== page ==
Flu vaccine uptake low among those with no regular doctor, minorities
A new study presented at an American Society of Health-System Pharmacists (ASHP) meeting finds that influenza vaccination rates are low for people without a regular healthcare provider, at just 20.5%, as well as among minority groups.
Vaccine coverage among American adults with a regular provider was 44.5%, according to the research, which was presented yesterday at the society's midyear conference.
To determine flu vaccination uptake, researchers looked at 2.5 million health survey records from the 2015, 2017, and 2019 Behavior Risk Factor Surveillance System databases of the Centers of Disease Control and Prevention for adults ages 18 and older.
White Americans were more likely to be vaccinated than Black peers (41%, compared with 32%). Latinos had the lowest coverage, at 31%. Almost 60% of older Americans were vaccinated, while only approximately 30% of adults ages 18 to 25 reported receiving the flu vaccine.
"This research reminds us that under-vaccination and vaccine hesitancy are not limited to COVID-19," said Sinmileoluwa Okegbile, a PharmD candidate at Midwestern University in Arizona and researcher on the study, in an ASHP press release. "Low vaccination rates for the flu persist among those living in the United States even though vaccines can prevent severe illnesses, hospitalization and death.
"Our study suggests a need for a fresh approach to counteract hesitancy."
Dec 7 ASHP press release
China reports fatal H5N6 avian flu infection
China has reported another human H5N6 avian flu infection, which occurred in a 54-year-old woman from Sichuan province who died from her illness, Hong Kong's Centre for Health Protection (CHP) said today in a statement. Following a spike in infections this year, the new case is China's first in more than a month.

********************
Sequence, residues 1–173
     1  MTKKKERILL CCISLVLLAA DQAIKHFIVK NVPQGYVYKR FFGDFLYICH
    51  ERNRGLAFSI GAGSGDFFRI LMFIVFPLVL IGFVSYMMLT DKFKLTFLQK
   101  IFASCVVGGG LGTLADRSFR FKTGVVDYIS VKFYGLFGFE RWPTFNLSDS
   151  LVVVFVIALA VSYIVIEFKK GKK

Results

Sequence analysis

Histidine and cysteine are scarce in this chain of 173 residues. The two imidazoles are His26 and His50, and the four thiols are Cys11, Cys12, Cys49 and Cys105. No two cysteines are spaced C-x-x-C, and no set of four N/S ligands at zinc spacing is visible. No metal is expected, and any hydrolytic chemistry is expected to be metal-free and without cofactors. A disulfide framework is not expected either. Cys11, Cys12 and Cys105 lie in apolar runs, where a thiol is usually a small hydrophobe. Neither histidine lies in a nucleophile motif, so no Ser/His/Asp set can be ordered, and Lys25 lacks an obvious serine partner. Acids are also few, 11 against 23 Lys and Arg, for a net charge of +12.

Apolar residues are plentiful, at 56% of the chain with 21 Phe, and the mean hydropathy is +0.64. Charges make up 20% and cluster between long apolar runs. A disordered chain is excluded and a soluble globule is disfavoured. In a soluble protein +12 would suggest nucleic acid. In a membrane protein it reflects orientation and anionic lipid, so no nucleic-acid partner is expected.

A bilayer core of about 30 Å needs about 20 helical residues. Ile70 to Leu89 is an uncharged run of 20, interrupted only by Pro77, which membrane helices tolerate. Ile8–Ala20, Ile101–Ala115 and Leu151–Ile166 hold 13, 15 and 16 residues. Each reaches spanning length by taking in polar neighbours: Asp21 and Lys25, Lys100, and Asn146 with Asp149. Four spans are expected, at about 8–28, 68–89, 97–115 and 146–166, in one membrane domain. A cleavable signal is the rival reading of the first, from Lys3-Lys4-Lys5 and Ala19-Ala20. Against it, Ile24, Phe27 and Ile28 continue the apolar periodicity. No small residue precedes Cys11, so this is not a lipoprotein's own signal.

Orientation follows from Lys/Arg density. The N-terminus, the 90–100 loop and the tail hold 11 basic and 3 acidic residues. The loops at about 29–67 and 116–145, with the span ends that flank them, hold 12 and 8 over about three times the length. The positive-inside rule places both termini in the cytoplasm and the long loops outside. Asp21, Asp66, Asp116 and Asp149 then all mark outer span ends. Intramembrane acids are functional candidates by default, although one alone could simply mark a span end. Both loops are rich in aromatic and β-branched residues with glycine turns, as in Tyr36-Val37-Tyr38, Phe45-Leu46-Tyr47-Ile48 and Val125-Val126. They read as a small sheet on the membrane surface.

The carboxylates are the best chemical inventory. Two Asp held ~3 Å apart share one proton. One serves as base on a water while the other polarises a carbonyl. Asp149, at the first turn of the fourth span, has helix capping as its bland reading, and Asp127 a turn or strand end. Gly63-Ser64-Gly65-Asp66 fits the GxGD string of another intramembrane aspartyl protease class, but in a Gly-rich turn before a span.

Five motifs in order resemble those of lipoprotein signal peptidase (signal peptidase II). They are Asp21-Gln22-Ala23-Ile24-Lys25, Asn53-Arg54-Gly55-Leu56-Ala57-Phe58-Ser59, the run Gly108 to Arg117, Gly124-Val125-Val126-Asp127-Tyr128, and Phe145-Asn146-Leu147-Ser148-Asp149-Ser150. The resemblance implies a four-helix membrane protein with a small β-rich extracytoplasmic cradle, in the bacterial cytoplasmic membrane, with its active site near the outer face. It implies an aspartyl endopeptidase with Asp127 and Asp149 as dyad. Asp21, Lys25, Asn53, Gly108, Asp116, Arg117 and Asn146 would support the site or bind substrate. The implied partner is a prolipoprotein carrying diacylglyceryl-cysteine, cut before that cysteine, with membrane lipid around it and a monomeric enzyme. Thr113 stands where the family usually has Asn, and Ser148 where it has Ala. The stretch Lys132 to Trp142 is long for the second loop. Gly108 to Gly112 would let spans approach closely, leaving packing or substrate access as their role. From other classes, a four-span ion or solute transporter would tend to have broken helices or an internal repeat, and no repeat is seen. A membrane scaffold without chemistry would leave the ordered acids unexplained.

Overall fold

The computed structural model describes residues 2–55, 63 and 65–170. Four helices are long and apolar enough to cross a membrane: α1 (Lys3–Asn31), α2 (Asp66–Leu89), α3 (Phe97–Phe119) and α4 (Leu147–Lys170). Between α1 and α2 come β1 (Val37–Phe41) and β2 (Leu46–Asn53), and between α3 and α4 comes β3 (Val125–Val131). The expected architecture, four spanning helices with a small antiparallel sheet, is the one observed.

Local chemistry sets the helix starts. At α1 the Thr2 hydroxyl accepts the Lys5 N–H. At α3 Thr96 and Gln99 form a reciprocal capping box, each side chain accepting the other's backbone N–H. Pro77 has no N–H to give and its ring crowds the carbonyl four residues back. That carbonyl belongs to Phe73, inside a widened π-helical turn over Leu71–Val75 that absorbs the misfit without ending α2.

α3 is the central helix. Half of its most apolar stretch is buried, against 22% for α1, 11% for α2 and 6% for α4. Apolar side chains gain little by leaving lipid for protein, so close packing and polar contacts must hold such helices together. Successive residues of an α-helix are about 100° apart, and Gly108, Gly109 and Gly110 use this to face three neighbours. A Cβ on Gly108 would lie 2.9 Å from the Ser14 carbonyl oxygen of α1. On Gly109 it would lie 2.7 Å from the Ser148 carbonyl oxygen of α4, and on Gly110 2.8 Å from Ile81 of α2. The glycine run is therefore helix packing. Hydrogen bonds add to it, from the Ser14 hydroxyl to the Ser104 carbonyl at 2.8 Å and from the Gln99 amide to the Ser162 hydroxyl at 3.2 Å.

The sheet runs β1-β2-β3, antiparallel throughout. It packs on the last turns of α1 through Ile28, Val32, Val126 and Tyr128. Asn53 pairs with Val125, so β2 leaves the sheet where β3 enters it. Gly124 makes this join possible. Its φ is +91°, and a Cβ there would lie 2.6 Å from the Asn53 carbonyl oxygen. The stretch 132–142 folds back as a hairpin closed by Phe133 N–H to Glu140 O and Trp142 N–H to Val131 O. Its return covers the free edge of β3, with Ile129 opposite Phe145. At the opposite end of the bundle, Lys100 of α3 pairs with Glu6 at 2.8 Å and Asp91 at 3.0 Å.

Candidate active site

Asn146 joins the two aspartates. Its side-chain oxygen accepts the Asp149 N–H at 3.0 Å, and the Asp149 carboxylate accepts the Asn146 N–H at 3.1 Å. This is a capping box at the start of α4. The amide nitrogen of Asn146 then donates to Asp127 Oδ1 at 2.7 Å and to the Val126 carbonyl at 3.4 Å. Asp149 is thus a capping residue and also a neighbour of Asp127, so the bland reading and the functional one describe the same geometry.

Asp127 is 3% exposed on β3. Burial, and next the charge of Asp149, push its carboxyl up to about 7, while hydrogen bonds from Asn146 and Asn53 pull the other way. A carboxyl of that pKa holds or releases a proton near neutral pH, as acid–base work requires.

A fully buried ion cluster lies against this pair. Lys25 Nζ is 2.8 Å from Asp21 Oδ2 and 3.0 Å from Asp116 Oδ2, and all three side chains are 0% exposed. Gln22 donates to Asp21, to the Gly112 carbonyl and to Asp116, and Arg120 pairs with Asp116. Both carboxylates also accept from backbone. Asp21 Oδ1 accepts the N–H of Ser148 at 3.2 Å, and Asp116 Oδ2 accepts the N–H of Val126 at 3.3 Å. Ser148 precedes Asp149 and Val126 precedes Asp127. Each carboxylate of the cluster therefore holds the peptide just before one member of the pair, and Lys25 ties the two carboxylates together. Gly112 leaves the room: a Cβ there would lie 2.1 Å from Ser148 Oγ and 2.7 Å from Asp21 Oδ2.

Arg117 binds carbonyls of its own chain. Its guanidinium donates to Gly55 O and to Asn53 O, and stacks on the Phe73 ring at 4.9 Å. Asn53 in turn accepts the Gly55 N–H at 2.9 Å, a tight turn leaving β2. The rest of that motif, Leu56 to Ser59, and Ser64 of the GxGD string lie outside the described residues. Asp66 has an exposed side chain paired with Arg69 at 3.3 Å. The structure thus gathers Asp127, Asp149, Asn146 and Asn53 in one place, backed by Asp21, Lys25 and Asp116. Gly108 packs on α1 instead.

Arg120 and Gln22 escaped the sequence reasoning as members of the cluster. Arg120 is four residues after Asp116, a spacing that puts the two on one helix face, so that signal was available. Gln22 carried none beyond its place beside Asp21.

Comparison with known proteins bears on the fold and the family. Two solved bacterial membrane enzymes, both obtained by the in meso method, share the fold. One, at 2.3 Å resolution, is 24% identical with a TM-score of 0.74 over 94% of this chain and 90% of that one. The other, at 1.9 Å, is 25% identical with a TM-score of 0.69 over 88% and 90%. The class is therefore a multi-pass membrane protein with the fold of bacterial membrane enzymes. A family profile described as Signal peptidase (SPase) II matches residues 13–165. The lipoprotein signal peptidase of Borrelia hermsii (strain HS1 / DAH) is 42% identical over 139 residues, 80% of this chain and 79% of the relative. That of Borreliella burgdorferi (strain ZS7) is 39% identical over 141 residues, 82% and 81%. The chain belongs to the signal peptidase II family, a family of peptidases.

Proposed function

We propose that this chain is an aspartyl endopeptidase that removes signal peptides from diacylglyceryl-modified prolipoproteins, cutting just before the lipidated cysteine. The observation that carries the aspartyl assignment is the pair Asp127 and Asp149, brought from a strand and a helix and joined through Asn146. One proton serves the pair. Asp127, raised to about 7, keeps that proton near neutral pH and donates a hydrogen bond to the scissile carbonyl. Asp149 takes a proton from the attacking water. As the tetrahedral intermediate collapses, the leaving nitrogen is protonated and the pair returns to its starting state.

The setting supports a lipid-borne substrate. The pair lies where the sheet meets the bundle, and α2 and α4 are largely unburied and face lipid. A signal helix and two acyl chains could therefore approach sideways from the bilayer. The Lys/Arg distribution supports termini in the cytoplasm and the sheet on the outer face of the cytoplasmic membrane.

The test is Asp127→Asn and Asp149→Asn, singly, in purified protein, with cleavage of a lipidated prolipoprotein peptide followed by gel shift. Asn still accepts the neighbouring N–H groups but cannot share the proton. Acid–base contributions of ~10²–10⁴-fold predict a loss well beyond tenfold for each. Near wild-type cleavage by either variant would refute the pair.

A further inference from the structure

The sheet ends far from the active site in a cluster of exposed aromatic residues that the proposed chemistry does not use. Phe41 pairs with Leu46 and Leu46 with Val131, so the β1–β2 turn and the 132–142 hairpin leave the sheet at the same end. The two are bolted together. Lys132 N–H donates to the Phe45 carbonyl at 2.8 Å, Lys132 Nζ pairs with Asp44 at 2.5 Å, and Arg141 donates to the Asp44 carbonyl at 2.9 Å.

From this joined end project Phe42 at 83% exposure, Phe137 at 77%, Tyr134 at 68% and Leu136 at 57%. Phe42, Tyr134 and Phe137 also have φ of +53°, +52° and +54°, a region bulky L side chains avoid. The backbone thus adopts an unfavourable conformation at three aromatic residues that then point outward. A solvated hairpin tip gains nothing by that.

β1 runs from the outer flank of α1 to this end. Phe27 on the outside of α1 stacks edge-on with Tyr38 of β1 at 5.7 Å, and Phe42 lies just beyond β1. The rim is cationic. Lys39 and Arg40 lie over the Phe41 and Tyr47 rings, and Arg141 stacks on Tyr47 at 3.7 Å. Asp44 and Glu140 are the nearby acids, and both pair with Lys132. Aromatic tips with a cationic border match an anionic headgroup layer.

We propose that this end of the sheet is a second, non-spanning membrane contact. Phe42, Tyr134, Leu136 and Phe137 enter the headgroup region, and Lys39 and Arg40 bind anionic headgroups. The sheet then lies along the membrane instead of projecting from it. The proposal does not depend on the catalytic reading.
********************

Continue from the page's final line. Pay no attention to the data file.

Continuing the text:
The woman's symptoms began on Nov 17, and she was admitted to the hospital on Nov 21, where she died 2 days later. Investigators found that she had been exposed to dead backyard poultry before she got sick.
Since 2014, China has reported 52 human H5N6 cases, 27 of which were reported this year, 10 of them fatal. H5N6 cases, though rare, are often severe or fatal. The H5N6 strain that causes human illness has been reported in birds in four Asian nations. Laos is the only country outside of China to report an H5N6 infection.
Dec 8 CHP statement
Global flu activity rises, but at lower levels than in previous seasons
In an update that covers the middle 2 weeks of November, global flu activity increased but is still below levels seen in previous seasons, the World Health Organization (WHO) said this week.
In the Northern Hemisphere, flu is still at interseasonal levels, but some Southern Hemisphere locations are experiencing rises, including South Africa. In tropical parts of South America, Brazil reported detections of the H3N2 strain.
Meanwhile, Caribbean and Central American countries reported sporadic cases of influenza A and B, while cases declined in Southern Asia. Central Asian countries, including Kyrgyzstan and Uzbekistan, reported H3N2 activity, with Middle Eastern countries reporting increasing numbers of flu detections, mainly from H3N2. Though activity in East Asia was low, influenza B activity rose in China, especially in the north.
Several parts of the world are reporting elevated respiratory syncytial virus (RSV) activity, though some countries such as the United States and parts of Europe reported decreasing cases.
Globally, of respiratory specimens that tested positive for flu in the middle of November, 56.9% were influenza B and 43.1% were influenza A. Of subtyped influenza A viruses, 89.3% were H3N2, with the rest being the H1N1 strain.
The WHO included its usual caveats that flu data should be interpreted with caution, due to potential impacts from COVID-19 measures and surveillance.
Dec 6 WHO global flu update